Wearables can predict the onset of illnesses using longitudinal temperature data even before symptoms appear, according to new research published in the journal Scientific Reports.
The study showed that temperature data collected by Oura ring detected the onset of fevers, a leading symptom of both COVID-19 and the flu, according to a team of researchers from the University of California San Diego, UC San Francisco and MIT Lincoln Lab.
The Scientific Reports paper is the first published result from TemPredict, a study of more than 65,000 people wearing a ring manufactured by Finnish startup Oura, that records temperature, heart rate, respiratory rate and levels of activity. The goal of the study is to develop an algorithm that can predict the onset of symptoms such as fever, cough, and fatigue, which are characteristic of COVID-19. Researchers say they hope to reach that goal by the end of the year. They also hope the algorithms will allow public health officials to act faster to contain the virus’ spread, reports UC San Diego News Center.
“This isn’t just a science problem, it’s a social problem,” said Benjamin Smarr, the paper’s corresponding author and a professor in the Department of Bioengineering and the Halicioglu Data Sciences Institute at UC San Diego. “With wearable devices that can measure temperature, we can begin to envision a public COVID early alert system.”
The 50 subjects in the study all owned Oura rings and had had COVID-19 before joining TemPredict. They provided symptom summaries for their illnesses and gave researchers access to the data their Oura rings had collected during the period when they were sick. The signal for fever onset was not subtle, Smarr said. “The chart tracking people who had a fever looked like it was on fire.”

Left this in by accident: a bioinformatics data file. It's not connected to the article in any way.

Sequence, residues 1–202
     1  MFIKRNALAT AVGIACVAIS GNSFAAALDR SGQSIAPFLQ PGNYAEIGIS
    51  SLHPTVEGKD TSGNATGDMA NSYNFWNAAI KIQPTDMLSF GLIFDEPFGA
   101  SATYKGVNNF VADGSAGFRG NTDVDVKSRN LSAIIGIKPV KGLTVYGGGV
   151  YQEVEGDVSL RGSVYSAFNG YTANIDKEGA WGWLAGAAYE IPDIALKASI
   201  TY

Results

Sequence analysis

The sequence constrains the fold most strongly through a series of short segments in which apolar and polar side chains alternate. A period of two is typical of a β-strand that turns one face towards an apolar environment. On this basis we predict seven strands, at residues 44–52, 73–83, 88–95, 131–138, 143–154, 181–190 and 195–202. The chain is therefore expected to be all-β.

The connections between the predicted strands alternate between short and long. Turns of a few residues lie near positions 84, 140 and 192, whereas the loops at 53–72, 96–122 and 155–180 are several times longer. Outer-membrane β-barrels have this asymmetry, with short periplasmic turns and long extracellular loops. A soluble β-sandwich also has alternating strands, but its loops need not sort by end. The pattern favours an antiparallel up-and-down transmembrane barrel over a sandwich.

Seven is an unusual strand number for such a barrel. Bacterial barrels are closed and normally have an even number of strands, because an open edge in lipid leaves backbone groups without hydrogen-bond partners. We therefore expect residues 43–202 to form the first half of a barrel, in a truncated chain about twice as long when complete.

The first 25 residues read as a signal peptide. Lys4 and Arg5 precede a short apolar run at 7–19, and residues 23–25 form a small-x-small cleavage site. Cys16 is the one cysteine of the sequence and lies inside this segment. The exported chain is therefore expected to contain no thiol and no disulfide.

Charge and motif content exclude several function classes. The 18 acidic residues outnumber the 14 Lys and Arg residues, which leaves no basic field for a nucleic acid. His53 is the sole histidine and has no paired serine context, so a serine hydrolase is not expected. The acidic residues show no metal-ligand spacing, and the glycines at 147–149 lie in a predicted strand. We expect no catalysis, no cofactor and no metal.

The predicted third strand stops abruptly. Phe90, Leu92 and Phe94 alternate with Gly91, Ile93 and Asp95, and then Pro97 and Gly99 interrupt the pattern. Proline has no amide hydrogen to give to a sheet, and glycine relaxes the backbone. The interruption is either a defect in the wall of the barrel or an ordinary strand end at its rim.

Smarr is TemPredict’s data analytics lead. Ashley Mason, a professor in the Department of Psychiatry and the Osher Center for Integrative Medicine at UC San Francisco, is the principal investigator of the study.
“If wearables allow us to detect COVID-19 early, people can begin physical isolation practices and obtain testing so as to reduce the spread of the virus,” Mason said. In this way, an ounce of prevention may be worth even more than a pound of cure.”
Wearables such as the Oura ring can collect temperature data continuously throughout the day and night, allowing researchers to measure people’s true temperature baselines and identify fever peaks more accurately. “Temperature varies not only from person to person but also for the same person at different times of the day,” Smarr said.
The study, he explains, highlights the importance of collecting data continuously over long periods of time. Incidentally, the lack of continuous data is also why temperature spot checks are not effective for detecting COVID-19. These spot checks are the equivalent of catching a syllable per minute in a conversation, rather than whole sentences, Smarr said.
In the Scientific Reports paper, Smarr and colleagues noticed that fever onset often happened before subjects were reporting symptoms, and even to those who never reported other symptoms. “It supports the hypothesis that some fever-like events may go unreported or unnoticed without being truly asymptomatic,” the researchers write. “Wearables therefore may contribute to identifying rates of asymptomatic [illness] as opposed to unreported illness, [which is] of special importance in the COVID-19 pandemic.”